Aug 3, 2014

Sundaze 1431

Hello,

It is not hard to tell that Ukranian-American composer Gregory Kyryluk absorbed a lot of old-school German spacemusic in his formative years. We can be thankful he did because, along with fellow Americans like Jonn Serrie and the group Spacecraft, he's grown into one of the world's most sensitive practitioners of ambient spacemusic, whether new-school or old. His one-man project Alpha Wave Movement has taken the classic Berlin sound across the Atlantic and into the 21st century without succumbing to either brazen recycling or moving it too far from its sonic roots. . .....N'Joy

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Alpha Wave Movement is the project of Gregory Kyryluk. Alpha Wave Movement began in 1990 when Kyryluk released a track called "Blink of an Eye" for a small AM-radio talk show in Jacksonville, FL. "Blink of an Eye" was rhythmic and melodic, but quite obscure. It was, however, this release that began Alpha Wave Movement and started a string of releases. Between these initial forays into electronic music, Alpha Wave Movement was Gregory Kyryluk's preferred mode of electronic music experimentation. 1994 yielded Alpha Wave Movement's first compilation contribution and first commercial release with Silent Records' From Here to Tranquility, Vol. 4 compilation. Between this release and Alpha Wave Movement's first full-length release, Gregory Kyryluk experimented more and more with his sound, trying to achieve a bridge between American electronic music and the Berlin-school style of electronic music, along the lines of Tangerine Dream, Ashra, and the always notable Klaus Schulze. In 1995, he came the closest that he had come to achieving this sort of "├╝ber musik" that would be his own, yet reminiscent of the electronic music that he had come to love and enjoy; this release was Transcendence on Gregory Kyryluk's own Harmonic Resonance Recordings label. As mentioned, this CD was a definite step toward the sound environments that Gregory Kyryluk enjoyed dwelling in, and his sonic experimentation continued further.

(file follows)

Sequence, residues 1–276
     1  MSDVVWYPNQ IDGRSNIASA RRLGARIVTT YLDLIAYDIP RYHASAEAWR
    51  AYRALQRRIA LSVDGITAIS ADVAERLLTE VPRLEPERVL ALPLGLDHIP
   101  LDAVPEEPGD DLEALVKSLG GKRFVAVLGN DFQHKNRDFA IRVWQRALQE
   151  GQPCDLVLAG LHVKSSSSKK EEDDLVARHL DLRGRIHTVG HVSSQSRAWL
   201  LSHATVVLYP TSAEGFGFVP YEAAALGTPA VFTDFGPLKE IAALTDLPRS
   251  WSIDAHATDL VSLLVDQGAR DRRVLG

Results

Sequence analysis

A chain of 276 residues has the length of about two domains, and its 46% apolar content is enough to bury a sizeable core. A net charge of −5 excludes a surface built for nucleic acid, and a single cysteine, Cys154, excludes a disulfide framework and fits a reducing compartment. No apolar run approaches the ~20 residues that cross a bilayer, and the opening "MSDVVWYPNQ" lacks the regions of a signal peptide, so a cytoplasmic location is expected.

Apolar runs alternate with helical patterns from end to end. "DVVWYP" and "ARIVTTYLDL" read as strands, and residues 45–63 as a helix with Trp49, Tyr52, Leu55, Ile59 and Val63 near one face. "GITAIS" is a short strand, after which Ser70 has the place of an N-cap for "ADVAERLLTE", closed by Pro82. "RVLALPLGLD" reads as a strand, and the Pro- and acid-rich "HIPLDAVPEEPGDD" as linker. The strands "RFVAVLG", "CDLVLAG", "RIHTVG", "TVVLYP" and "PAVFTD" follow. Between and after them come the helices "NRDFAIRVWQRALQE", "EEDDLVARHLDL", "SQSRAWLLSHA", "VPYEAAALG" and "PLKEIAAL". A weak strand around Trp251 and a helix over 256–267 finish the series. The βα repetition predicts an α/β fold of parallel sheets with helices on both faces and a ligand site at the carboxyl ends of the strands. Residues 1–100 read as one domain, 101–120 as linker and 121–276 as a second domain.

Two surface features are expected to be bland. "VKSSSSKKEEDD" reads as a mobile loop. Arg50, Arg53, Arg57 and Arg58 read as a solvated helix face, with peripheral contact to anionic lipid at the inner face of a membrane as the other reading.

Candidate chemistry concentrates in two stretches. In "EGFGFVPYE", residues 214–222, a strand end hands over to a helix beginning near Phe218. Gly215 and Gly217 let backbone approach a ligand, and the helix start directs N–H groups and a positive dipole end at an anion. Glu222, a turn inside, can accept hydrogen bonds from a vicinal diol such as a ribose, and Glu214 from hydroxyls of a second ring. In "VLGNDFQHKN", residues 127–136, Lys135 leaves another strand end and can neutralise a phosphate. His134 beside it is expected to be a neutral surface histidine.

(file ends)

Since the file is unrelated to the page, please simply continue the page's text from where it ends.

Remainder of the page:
Gregory Kyryluk and his Alpha Wave Movement project began to focus more on the cosmic, spacious, and reflective aspects of his musical persona. It was this direction, whether he knew it or not at the time, that would certainly elevate his work to more and more audiences. Around this time, Gregory Kyryluk began listening to explorations into classic Arabic music both popular and traditional, as well as hybrid ethno-Indian music like that of Sheila Chandra and Michael Brook's projects with vocalist Nusrat Fateh Ali Khan. This exotic music left an indelible impression on Gregory Kyryluk and he felt the urge to incorporate the rhythmic pulse and atmosphere of this music into his own electronic inspirations. Following the successful debut of Alpha Wave Movement's Transcendence, several other recordings in the same vein were released over the course of the next half decade; including 1996's The Edge of Infinity on the Groove Unlimited label, as well as 1998's Concept of Motion and 2000's Drifted Into Deeper Lands, both of which were also featured on the Groove Unlimited label. 2001 saw Gregory Kyryluk and Alpha Wave Movement doing a very successful and well-received collaboration with Jim Cole of Spectral Voices fame by the name of Bislama. This work truly brings to life some Gregory Kyryluk's interests in Arabic and Far Eastern ethnic music, only it's brought to life by a wide and panoramic stereo field that seems to suck the listener in. Alpha Wave Movement and Gregory Kyryluk continue to go strong.